Li Changquan Nixing teapot

Now let's jump to the Chinese territory of Craftsmanship. Here my most used and absolute hero is this fine Nixing teapot made by an artist called Li Changquan. Beside Yixing, Jianshui, Chaozhou and Jingdezhen porcelain Nixing is one of the famous types of pottery material in China. This type of clay is normally dedicated to Heicha like Liu Bao but in my opinion it is one of the best material to be used for raw or aged Sheng. I use this small 118ml unglazed Nixing pot for aged Sheng and again it is like if it was made for it. If I could recommend the perfect vessel for Pu-erh it would be Nixing for aged and raw and Jianshui for all types of Pu.

Chaozhou 120ml teapot

Next in row is my beloved Chaozhou 120ml teapot. This type of clay is located in the same region as Dancong Oolong is grown. So most of the time it is praised to be the best for this type of Oolong and I can say that's freakin right. In this case it seems and feels like the circle finally closed and everything is in exact perfect balance and harmony. If you fell in love with Dancong's as I do there are only two options first Chaozhou and second Jianshui - nothing else. Beside the great craftsmanship I really love the wide open lid which makes it very easy to pour the tea in and watch it unfold.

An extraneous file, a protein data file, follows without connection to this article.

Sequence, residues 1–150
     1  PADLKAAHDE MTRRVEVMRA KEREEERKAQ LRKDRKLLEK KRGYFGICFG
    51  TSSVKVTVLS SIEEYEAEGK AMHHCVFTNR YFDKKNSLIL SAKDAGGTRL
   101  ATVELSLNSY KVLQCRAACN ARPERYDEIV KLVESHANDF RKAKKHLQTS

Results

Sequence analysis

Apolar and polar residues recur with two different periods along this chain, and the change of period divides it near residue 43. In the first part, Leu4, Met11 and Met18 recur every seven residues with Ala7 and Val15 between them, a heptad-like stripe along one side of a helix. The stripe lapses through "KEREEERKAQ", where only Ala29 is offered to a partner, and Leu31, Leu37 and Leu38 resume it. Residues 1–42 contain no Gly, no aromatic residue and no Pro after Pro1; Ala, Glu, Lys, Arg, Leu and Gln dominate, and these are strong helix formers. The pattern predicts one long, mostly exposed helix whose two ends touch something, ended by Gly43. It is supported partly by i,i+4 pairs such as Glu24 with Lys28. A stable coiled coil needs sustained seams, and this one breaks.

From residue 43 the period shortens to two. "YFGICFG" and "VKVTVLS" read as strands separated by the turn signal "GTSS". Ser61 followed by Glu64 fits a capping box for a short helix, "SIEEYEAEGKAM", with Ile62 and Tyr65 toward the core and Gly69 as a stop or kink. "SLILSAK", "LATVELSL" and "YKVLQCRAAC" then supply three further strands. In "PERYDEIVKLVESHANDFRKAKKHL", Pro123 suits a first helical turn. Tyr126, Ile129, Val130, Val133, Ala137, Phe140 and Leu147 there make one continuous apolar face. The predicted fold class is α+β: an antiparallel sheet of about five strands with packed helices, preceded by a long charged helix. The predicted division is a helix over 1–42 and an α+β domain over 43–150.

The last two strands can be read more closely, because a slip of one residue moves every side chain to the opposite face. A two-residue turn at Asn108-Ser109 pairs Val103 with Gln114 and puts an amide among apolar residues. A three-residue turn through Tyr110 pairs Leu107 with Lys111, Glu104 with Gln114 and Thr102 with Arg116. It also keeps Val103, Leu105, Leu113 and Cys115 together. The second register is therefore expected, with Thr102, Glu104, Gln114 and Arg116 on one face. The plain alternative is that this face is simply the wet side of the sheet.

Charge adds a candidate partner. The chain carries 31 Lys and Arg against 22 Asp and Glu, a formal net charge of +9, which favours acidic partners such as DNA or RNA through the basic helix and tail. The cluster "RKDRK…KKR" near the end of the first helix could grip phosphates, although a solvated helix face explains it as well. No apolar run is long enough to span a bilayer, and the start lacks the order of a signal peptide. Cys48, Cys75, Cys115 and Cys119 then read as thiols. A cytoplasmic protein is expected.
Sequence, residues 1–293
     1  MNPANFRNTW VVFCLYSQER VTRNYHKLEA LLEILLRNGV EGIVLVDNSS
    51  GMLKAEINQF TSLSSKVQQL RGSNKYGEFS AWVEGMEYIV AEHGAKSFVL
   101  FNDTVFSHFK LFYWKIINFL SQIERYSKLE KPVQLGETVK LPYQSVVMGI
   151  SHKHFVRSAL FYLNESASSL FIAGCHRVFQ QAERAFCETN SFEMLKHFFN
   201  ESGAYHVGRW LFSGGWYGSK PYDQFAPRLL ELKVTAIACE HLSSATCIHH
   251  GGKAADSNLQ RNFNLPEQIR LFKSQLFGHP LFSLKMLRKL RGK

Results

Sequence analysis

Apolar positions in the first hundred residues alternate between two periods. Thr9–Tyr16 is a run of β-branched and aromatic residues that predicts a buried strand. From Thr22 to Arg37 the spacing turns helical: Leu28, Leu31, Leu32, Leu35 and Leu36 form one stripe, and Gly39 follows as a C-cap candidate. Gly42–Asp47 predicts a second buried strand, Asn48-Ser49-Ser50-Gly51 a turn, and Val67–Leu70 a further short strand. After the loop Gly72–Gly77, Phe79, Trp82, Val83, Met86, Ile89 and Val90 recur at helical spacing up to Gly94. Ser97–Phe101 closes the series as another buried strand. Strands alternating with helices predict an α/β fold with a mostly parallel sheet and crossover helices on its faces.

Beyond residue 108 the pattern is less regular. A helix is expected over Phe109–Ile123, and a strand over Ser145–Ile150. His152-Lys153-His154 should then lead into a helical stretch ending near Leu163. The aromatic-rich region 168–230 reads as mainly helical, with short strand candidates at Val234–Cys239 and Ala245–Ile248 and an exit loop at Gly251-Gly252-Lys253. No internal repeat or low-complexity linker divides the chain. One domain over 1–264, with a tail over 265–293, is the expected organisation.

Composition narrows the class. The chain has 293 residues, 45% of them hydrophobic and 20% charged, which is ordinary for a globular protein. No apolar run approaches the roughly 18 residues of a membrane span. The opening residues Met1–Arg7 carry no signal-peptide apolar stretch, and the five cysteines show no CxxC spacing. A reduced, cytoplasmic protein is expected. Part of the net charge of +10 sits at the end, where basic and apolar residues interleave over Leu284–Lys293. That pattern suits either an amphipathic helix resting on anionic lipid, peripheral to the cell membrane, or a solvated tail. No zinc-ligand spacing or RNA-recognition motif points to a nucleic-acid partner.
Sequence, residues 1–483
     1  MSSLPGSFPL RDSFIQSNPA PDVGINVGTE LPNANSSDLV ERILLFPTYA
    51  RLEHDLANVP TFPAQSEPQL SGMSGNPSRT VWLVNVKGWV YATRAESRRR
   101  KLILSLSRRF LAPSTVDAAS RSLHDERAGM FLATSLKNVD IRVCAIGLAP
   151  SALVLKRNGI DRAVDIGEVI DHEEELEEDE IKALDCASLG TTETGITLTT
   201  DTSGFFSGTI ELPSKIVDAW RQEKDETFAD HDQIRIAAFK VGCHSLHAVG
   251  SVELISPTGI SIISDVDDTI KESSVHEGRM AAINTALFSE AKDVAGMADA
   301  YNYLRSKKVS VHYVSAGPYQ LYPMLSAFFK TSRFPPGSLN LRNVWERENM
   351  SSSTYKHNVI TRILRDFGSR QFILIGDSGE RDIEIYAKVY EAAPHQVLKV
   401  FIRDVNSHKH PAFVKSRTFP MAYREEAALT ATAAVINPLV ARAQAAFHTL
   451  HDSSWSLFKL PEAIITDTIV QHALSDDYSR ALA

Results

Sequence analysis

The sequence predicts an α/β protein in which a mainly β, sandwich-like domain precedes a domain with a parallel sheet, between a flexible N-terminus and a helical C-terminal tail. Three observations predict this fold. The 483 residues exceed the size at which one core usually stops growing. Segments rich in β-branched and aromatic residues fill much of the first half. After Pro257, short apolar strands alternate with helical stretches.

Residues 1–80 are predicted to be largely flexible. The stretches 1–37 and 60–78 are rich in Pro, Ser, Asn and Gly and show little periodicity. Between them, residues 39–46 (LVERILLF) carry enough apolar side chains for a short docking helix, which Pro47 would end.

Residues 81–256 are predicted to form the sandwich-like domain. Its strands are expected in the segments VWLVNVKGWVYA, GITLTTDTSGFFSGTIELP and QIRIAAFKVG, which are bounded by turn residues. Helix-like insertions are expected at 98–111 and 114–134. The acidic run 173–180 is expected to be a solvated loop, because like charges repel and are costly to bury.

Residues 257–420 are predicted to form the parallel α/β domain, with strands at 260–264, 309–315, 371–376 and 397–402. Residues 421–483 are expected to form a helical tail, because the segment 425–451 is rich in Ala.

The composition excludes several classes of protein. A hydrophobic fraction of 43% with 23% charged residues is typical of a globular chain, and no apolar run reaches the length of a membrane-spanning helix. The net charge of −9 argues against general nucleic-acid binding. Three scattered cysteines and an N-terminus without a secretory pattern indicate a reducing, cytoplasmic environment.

120ml Benshan Lv Ni style Yixing pot

The last one is a Yixing in a very unusual shape. I really love the silky soft feel of this fine craftsmanship and those lovely carved Chinese ideographs. This 120ml Yixing pot is a type of Benshan Lv Ni and dedicated to Chinese greens only. This type of Yixing works like a charm for green teas.

Cups and utensils

Beside the pots I love to collect and use different types of cups. From those named European artists to Jingdezhen - glass or celadon - For my personal use I like bigger cups but when it comes to photo sessions or drinking with my wife I use smaller cups in pairs.

Last but not least my most used utensils are those coaster, scoops and this stainless steal strainer to keep all the dusty stuff out of my tea. So that's it for now. This isn't my whole collection but my most loved and used ones. And I am 100% sure this isn't the end of my collection at all. If you love tea you never can resist to fall in love all over again and again...and again.

Philipp's were an introduction for me to teapot makers; I'd only known of Petr Novák. I also learned the names of different styles of teapots. I can see why the objects he shared with us are his "most loved and used ones"! What do you think about Philipp's favorite tea ware? Thank you to ZeroZen for contributing to this series.